“To come back and do this and play shows like this, is what makes life worth living. I wouldn’t be living otherwise”

Q: During the process, did you write songs in your head or think of things like that?

ADAM E: The way I write songs, is that I have voice memos. It’s kind of annoying to people who are hanging out with me all the time, but I’m literally singing to myself all the time. If I sing something I like, I’ll record it, then if I like it, then I’ll go and work on the keyboard and make something happen, and then I’ll hit them up and say we should make something happen.

Part of it was that, it’s just like a faucet for me; I don’t turn it off. I can’t turn it off, and it’s just always there. Its whether I choose to acknowledge it or not. I’m always thinking about stuff. I was in the shower and I couldn’t walk yet, and I was just paralyzed from the waist down at this point, and I was singing to myself and I knew I had gotten to a point where I was kind of able to [think about music].

“I was miserable. They were training me to be a paraplegic. I had to watch videos about things, it was more preparation for a new lifestyle.”

I saw the light at the end of the tunnel, when I started singing to myself. My mother said I wasn’t singing in the shower and then once I started singing again, she was like alright you’ll be okay. I wasn’t for a while and I was miserable. They were training me to be a paraplegic. I had to watch videos about things, it was more preparation for a new lifestyle. That’s what I was focused on; I couldn’t believe my life was going to be like this now, you know? It’s just totally different. Once I started singing again it kind of got me back.


Q: Once you started feeling better and thought about music more, did it change your views on relationships?

ADAM E: I have sucked with relationships. Sucked! Because I’m selfish and music comes first to me over everything else. I’ve been with girls and it doesn’t work out, one reason or another, because I would rather focus on that than them. That’s fine with me, I’m ok with it. I like it, it’s what I want.

“If it doesn’t work out, that’s okay, I just haven’t found her. And then I’ll just keep going with what I’m doing and I’ll eventually find her”

Nights like this are better to me than anything else, it’s what I live for. I push to prioritize that or anything else. So the book The Prophet by Kahlil Gibran, you know this book? It talks about love and relationships as the person you’re going to find is when you’re going on your path doing what you want, and they’re going on their path and your paths collide.

The way I see it, the person that I would eventually be with is somebody that is doing something similar and understands my grind and my hustle and that I’m prioritizing it. And that would be okay with being number two. Anyone I’m with will always be number two to this. If it doesn’t work out, that’s okay, I just haven’t found her. And then I’ll just keep going with what I’m doing and I’ll eventually find her.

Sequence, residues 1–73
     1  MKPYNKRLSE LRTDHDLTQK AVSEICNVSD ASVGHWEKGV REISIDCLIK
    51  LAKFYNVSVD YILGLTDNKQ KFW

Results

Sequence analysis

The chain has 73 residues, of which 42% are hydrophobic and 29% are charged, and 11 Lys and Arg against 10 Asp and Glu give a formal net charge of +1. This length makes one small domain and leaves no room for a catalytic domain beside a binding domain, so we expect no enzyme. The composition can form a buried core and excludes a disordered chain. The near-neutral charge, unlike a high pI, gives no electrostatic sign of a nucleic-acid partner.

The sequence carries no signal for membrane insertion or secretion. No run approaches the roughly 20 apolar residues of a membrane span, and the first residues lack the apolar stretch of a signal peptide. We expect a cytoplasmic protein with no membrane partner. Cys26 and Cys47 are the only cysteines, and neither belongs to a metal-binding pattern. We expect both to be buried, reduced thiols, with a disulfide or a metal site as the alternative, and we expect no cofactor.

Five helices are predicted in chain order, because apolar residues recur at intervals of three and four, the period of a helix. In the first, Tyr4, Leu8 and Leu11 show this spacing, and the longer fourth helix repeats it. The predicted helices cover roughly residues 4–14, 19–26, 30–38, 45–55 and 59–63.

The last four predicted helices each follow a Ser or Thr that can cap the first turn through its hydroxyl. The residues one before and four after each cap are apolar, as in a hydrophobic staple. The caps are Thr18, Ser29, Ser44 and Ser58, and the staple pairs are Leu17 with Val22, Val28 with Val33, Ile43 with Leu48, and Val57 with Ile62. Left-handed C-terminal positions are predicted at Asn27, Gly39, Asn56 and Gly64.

“Relationships take a backseat to this… At the same time, the way I get it out is by writing”

Relationships take a backseat to this. It constantly affects me. At the same time, the way I get it out is by writing about stuff. A lot of it is relationship-based. I try to step out of that, but I feel like the way I get it out and explain my side of the story of sorts – and the way I can connect to people – or where people see something or get something from a song is when it’s relationship-based. It comes natural to me.

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Q: How did “Beg For It” come together?

ADAM E: I was in the studio with Ben (Kid Cannibal), and he played this song for me, this beat. He said that five rappers had passed it up. I was listening to this and it’s freaking dope. How is anyone passing this up?

The funny is that, sometimes I’ll write songs as I imagine someone else would write them. I wrote that song as I imagined somebody would write them. So I wrote that song as I imagine if Michael Jackson would do this song. I’m not going to sound like Michael Jackson because I’m not him, so I know it’s still going to be my identity when i do it. If Michael Jackson were to sit down and hear this, how would he do it?

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Q: Where will you be in 5 days, 5 months and 5 years?

ADAM E: I five days, I’ll be working on some more music. In five months, I’ll still be moving forward with things. In five months I’ll be playing shows outside of D.C., as well as in D.C., building up more; playing more shows, aggressively booking and playing to the point that I’m making my living off of it. I’d prefer to be playing shows that I can tour and play in as often as possible.

“I don’t care about the money – I don’t give a shit. I’ve seen my deathbed already and I couldn’t take my money with me”

Five years – the world. I love playing live shows, so I want to be able to play as often as possible. The reason I’m not good managing my own music and everything is because I care about the opportunity. The money will come from the opportunity. Nobody plays Verizon Center and doesn’t get paid for it. I just want to do it, I want to do it and get there and play that show.

What I grind for is that fifteen minutes before the show when I’m at the green room at Verizon center, or Madison Square Garden. I don’t care about the money – I don’t give a shit. I’ve seen my deathbed already and I couldn’t take my money with me. I don’t give a fuck about it. (Pointing to Rafee, his manager) He’s good, because he’s focused on money.  We need somebody that’s focused on money so we can focus on what we do. I would like to go into Europe and play. I see us touring the world, having a platinum record, having a Grammy, I see us top on the world.

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Thanks Adam E. for the interview! Follow him on Soundcloud and Facebook for updates on upcoming shows and new releases!